The University Record, July 10, 1995

Federal appropriations process likely to be long one

By Jared Blank

With the June 29 completion of a spending plan for 1996, the U.S. House of Representatives and Senate have begun the appropriations process. The 13 House appropriations subcommittees are expected to complete their work before the August recess. The Senate is expected to act on its version of each of the 13 bills by September. The schedule calls for conclusion of the appropriations process by Oct. 1.

Because of the controversial nature of the bills, Tom Butts, associate vice president for government relations, does not believe that the process will be finished on schedule. "There are significant differences of opinion between the administration and Congress on appropriations. Also, because of the complexity of the budget reconciliation bill, which will address the issues of tax cuts, student loan interest and Medicare, we can expect a long fall," he says.

Two key House appropriations subcommittees are expected to meet today (July 10) to mark up their appropriations bills. The Labor/Heath and Human Services/Education Subcommittee oversees appropriations for the National Institutes for Health, student aid programs and international and graduate fellowships. The Housing and Urban Development (HUD)/Veterans Administration/Independent Agencies subcommittee sets funding levels for the National Science Foundation, NASA and the Environmental Protection Agency.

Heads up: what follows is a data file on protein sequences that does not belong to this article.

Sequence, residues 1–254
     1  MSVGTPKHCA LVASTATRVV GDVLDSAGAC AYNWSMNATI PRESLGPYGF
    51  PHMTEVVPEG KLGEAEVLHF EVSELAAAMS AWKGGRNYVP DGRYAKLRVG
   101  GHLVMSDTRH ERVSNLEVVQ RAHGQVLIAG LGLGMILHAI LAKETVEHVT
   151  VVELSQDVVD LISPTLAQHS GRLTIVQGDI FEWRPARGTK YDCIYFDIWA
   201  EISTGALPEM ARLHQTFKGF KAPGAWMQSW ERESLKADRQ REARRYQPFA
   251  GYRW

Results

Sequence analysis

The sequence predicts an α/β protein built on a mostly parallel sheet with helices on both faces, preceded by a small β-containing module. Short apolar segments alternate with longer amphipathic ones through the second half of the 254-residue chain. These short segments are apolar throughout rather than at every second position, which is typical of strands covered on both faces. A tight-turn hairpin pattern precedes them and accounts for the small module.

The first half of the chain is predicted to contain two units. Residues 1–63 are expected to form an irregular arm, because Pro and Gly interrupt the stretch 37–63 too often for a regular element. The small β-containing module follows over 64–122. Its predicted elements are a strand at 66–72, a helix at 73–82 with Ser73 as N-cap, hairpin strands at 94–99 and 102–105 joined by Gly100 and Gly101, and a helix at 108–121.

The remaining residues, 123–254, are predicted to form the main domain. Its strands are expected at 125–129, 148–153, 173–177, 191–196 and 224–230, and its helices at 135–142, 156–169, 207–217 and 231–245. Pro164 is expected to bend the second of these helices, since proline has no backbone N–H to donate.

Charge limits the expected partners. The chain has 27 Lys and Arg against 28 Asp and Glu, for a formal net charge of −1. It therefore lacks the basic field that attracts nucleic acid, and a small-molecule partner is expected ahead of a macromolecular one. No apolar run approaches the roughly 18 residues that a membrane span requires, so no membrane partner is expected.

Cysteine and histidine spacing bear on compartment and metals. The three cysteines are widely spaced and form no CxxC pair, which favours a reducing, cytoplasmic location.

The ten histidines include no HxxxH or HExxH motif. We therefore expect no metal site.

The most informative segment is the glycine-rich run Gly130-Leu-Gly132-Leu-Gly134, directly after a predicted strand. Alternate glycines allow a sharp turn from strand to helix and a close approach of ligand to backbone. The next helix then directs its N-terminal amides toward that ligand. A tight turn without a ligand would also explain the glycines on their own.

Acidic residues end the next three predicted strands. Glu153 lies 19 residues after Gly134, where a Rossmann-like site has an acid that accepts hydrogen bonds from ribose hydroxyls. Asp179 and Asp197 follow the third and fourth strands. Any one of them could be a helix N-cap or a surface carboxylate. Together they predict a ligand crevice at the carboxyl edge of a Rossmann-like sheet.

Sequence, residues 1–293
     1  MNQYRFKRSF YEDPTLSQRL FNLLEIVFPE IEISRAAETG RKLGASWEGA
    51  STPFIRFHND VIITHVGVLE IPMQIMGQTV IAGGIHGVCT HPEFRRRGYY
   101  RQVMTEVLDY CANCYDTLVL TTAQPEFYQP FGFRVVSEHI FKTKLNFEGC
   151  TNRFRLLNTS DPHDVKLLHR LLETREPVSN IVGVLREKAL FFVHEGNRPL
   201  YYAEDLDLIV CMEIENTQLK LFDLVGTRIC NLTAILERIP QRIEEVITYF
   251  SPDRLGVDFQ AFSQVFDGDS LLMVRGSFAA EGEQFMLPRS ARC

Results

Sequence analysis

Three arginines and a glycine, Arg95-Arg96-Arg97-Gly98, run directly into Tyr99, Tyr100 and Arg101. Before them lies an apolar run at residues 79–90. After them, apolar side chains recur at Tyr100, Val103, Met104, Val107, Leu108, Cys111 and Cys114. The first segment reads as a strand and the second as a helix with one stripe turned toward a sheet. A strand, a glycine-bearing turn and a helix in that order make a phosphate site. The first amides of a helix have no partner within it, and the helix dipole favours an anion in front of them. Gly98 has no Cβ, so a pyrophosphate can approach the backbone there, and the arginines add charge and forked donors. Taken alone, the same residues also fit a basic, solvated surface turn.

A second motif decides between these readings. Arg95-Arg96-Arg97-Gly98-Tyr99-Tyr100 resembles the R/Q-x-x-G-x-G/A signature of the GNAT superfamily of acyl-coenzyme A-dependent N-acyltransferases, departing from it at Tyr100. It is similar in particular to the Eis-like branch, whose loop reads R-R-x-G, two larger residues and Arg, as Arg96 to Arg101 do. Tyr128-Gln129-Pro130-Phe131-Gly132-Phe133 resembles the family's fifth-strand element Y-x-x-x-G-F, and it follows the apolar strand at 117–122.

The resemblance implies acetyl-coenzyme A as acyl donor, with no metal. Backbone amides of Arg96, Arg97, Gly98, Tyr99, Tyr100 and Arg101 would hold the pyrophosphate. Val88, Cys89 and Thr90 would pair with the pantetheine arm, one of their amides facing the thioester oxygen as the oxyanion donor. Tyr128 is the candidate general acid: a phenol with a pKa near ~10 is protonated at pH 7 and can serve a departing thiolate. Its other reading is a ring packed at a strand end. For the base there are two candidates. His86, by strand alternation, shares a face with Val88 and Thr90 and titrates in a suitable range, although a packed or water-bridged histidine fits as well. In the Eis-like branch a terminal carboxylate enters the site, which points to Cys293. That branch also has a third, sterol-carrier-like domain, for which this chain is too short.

The Labor Subcommittee will be working with about 15 percent less money than last year, and the HUD Subcommittee will have about 12 percent less.

One of the major battles affecting higher education in the reconciliation bill will be how Congress will cut $10 billion over seven years from federal student loan programs. The budget resolution assumes that a major portion of the cuts will come from the elimination of the in-school interest subsidy for graduate and professional students.

"This cut," Butts notes, "raises questions as to whether reductions should be taken from students or from lenders, guarantee agencies and secondary markets. We feel that students should not have to pay for the bulk of this cut."

Butts says that the University's Washington, D.C., office continues to monitor the appropriations and budget process and to make known the concerns of the University community. If you have specific questions, call the office at (202) 554-0578 or e-mail Butts ( or Bob Samors (